• [antibiotics;
  • cultural models;
  • Mexico;
  • ethnopharmacology;
  • self-medication]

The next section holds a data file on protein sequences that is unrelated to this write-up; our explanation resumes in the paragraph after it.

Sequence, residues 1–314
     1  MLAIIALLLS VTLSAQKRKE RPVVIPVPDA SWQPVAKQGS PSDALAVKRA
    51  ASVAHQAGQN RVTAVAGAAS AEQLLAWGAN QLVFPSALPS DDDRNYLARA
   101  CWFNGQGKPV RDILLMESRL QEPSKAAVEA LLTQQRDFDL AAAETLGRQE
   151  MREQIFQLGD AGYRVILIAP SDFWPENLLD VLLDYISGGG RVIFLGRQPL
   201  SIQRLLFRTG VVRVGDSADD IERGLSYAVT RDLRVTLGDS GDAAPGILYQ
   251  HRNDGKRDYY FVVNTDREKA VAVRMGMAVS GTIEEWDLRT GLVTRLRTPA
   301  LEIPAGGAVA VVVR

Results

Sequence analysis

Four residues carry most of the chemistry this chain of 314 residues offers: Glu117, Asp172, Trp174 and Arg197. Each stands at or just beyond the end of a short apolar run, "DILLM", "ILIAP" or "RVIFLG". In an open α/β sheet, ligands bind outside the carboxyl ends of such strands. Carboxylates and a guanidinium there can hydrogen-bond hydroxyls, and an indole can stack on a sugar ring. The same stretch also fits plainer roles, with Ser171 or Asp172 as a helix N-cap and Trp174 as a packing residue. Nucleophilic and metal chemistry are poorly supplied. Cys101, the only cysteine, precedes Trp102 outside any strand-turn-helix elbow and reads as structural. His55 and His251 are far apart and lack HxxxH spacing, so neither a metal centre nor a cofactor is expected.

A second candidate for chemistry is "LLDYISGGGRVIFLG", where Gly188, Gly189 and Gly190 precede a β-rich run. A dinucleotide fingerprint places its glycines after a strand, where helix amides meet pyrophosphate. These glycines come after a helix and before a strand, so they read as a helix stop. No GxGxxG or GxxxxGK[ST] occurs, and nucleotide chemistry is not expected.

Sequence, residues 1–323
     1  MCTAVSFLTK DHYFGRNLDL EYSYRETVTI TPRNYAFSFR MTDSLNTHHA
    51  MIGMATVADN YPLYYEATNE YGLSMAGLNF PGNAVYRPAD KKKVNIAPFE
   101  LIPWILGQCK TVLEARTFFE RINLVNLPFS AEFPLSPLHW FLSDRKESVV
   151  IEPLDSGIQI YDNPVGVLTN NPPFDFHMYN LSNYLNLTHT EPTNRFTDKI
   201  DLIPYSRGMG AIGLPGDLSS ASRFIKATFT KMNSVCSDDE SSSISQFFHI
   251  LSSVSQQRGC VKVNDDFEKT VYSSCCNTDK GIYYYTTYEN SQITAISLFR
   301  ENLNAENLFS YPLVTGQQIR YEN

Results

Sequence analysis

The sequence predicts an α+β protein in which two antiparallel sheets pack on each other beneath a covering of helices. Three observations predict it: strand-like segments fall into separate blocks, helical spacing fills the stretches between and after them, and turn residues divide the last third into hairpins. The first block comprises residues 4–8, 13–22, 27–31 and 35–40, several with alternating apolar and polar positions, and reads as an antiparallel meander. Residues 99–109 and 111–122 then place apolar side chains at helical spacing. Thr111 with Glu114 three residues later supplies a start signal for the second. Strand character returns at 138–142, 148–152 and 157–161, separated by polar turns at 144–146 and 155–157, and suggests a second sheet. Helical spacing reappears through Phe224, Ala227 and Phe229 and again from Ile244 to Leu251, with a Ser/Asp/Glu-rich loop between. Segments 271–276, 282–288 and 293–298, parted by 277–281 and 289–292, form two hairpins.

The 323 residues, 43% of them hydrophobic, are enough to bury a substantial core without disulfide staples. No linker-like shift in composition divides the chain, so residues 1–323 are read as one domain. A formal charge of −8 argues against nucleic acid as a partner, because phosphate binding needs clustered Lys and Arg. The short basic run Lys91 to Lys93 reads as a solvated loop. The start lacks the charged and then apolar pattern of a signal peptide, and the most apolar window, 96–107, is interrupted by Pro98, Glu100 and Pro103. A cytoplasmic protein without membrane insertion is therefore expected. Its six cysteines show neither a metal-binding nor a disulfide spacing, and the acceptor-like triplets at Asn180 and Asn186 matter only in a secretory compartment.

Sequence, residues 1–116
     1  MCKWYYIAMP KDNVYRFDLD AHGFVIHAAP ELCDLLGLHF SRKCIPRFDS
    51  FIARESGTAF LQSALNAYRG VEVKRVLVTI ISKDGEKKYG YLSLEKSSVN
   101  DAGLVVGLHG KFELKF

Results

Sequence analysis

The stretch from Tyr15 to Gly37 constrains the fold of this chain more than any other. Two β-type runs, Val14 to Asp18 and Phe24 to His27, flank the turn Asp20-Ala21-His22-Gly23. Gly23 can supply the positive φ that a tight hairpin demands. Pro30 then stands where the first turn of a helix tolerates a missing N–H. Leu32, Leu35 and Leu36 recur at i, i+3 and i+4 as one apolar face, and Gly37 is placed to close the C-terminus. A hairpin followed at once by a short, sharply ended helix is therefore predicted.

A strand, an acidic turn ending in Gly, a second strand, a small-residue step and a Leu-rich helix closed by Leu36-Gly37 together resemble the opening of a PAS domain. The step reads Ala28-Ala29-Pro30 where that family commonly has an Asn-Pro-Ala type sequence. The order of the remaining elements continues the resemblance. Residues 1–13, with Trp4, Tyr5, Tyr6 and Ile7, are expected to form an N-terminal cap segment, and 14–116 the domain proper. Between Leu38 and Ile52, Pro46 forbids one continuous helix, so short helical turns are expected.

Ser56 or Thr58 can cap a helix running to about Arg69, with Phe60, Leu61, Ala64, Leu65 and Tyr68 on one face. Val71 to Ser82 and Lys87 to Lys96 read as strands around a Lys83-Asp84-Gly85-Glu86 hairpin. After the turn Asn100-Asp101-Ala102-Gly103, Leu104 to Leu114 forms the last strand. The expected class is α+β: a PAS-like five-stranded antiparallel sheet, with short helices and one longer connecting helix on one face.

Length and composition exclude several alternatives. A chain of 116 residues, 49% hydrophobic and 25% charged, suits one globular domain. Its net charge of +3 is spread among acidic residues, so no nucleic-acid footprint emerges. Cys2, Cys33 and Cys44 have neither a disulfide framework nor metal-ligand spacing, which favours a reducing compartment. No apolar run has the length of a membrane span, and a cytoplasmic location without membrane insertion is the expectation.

Antibiotic resistance is a global public health threat exacerbated by medically unwarranted or improper antibiotic use. Pharmacy counters at the U.S.–Mexico border provide an example of where lay decisions to use antibiotics in ways considered “risky” may be initiated and negotiated. We test how cultural and public health knowledge of antibiotics is distributed among pharmacy staff, local Mexican clients, and U.S. medical tourists in the bordertown of Nogales using a cultural consensus tool. We find that shared cultural models across these groups include public health statements; however, other shared statements are likely to reinforce antibiotic sales at pharmacy counters by those on both sides of the purchase as economic, rather than therapeutic, encounters. From a public health perspective, border pharmacy counters are not a location where increased “safe” knowledge about antibiotic use is being transmitted. However, we do find a positive relationship between “safe” knowledge and reductions in risky behavior.